County officials said Thursday that progress is being made on details of the operation of the Metropolitan Planning Organization.
They said the focus during recent discussions among member entities has been to work out both the main agreement as well as fiscal responsibility and voting practices.
“There was quite a bit of discussion on voting methodology,” commissioner Dave Lewis said of a recent gathering. The issue seemed to be moving toward basing votes on the financial involvement of each participating body, with the city of Manhattan getting three of the nine votes, Junction City getting two and other entities having one each.
Lewis said discussions were continuing about exactly how many votes would be required to pass items. He said city officials had raised that question, the city being the lead agency in creation of the organization. Some city officials have expressed concern about the prospect that the city could be required to accept proposals that are not in its best interests.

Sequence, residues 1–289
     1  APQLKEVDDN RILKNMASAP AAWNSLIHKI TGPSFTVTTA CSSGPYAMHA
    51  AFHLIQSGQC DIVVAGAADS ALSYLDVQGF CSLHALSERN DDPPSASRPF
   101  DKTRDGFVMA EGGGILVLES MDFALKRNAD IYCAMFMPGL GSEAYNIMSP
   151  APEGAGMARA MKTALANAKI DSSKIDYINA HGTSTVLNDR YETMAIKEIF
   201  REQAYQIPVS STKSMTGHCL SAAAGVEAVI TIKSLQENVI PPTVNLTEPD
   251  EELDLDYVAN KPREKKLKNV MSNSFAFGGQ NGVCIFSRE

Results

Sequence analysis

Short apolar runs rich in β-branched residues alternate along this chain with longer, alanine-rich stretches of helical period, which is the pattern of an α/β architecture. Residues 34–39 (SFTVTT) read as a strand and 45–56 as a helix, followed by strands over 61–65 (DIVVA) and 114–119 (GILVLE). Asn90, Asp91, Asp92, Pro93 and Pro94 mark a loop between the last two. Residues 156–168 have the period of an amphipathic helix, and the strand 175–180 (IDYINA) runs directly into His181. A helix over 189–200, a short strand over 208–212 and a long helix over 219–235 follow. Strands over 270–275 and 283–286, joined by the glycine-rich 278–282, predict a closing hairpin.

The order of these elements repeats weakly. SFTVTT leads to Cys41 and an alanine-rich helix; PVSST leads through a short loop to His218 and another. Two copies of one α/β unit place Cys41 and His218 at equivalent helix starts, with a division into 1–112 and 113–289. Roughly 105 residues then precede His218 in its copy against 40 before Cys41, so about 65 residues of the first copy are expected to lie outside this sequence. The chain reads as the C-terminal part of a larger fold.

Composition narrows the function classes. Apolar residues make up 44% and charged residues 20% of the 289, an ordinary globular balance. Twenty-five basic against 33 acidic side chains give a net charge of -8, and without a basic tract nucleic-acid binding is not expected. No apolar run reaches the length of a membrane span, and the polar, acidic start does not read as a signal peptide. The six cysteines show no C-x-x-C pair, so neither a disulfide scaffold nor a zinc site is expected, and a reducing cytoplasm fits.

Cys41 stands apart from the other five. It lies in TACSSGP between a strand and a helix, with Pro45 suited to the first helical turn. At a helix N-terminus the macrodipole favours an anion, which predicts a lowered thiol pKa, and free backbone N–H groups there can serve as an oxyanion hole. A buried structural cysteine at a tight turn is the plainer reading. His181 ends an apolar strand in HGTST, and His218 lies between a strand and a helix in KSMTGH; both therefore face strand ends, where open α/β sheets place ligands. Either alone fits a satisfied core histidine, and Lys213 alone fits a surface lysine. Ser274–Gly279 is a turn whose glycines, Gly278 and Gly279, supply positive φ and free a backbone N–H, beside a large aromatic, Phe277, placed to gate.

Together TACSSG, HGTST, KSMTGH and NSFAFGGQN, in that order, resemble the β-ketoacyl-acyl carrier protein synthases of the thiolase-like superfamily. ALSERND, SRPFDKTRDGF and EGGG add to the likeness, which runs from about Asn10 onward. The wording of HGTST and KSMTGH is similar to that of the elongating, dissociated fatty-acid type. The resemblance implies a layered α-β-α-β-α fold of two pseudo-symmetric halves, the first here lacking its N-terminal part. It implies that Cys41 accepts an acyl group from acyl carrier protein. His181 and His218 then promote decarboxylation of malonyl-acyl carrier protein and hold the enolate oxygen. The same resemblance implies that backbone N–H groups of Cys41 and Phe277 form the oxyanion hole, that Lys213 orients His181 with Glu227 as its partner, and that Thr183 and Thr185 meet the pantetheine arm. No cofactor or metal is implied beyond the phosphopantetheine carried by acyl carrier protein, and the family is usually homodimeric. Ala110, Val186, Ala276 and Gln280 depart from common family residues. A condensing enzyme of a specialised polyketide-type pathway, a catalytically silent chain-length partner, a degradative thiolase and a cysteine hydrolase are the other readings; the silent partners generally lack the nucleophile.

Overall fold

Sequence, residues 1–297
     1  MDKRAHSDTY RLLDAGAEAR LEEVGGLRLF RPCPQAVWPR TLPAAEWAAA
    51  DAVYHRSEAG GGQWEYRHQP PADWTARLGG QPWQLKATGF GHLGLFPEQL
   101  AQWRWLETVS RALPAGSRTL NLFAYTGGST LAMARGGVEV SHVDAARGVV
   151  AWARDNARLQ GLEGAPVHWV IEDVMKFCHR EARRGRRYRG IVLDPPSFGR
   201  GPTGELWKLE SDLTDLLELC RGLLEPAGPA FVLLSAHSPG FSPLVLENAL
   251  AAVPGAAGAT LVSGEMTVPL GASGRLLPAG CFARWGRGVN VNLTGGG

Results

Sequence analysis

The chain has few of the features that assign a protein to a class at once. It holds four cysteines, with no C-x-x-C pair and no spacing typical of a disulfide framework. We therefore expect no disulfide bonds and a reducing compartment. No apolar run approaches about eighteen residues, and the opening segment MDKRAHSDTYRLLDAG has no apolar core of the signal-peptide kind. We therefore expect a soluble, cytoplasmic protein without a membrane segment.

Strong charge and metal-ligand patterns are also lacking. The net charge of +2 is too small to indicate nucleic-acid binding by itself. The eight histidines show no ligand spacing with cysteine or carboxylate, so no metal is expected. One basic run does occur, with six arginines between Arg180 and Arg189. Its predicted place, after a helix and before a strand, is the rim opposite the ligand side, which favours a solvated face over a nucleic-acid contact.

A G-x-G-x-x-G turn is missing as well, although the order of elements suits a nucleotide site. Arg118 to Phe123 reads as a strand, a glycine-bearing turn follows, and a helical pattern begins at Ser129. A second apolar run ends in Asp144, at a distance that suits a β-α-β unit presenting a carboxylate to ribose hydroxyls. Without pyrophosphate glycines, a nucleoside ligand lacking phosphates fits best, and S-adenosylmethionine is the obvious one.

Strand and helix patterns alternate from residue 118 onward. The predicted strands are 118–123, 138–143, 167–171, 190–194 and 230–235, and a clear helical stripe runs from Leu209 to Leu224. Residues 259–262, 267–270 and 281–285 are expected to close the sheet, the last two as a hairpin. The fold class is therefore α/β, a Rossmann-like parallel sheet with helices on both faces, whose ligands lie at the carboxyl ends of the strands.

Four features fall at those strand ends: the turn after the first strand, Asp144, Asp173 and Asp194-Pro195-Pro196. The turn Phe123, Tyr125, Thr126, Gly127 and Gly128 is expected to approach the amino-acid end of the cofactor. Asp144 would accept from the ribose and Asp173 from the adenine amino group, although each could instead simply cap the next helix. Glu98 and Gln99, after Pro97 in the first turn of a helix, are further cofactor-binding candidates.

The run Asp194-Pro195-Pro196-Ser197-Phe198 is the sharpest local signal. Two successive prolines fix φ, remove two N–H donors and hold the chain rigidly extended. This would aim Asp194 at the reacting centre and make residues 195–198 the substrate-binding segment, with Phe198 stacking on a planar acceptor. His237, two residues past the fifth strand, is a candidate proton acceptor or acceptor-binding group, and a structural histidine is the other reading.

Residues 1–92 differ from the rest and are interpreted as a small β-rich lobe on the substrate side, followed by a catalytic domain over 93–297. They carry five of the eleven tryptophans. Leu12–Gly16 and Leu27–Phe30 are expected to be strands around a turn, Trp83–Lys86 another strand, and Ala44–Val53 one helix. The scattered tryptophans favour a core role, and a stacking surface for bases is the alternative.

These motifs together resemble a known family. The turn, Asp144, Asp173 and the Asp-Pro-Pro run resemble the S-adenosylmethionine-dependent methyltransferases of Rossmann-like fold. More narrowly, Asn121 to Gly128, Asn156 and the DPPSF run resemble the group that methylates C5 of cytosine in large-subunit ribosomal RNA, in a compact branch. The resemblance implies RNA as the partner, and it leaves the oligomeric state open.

“I talked with commissioner (Wynn) Butler and told him that we (Riley County) represent Manhattan too,” Lewis said.
Commissioner Karen McCulloh said the city “has no choice,” but to go forward with the organization, and that having more entities involved “in a wider area they get more people to pay for it.”
FEMA land purchase
A private citizen asked commissioners Thursday to buy or lease FEMA land in the Ady Addition that isn’t being used by Manhattan Regional Airport. The commission agreed that if the citizen is willing to dish out the money and it’s legal, that the county should go forward with the offer.
Noxious weed director Dennis Peterson said that the citizen contacted him about purchasing or leasing the land, which was changed from a residential deed to FEMA purchased land after a flood. With the new construction of K-18 there is now a question whether that deed would be changed and if it is, what kind of hoops will the county have to go through to sell the property.
Another issue is what could be placed on the land. The inquirer wants to use the land for gardening purposes.
The commission instructed Peterson to look more into the motion and McCulloh said that “if someone wants to make the property useable land,” to go ahead with the offer.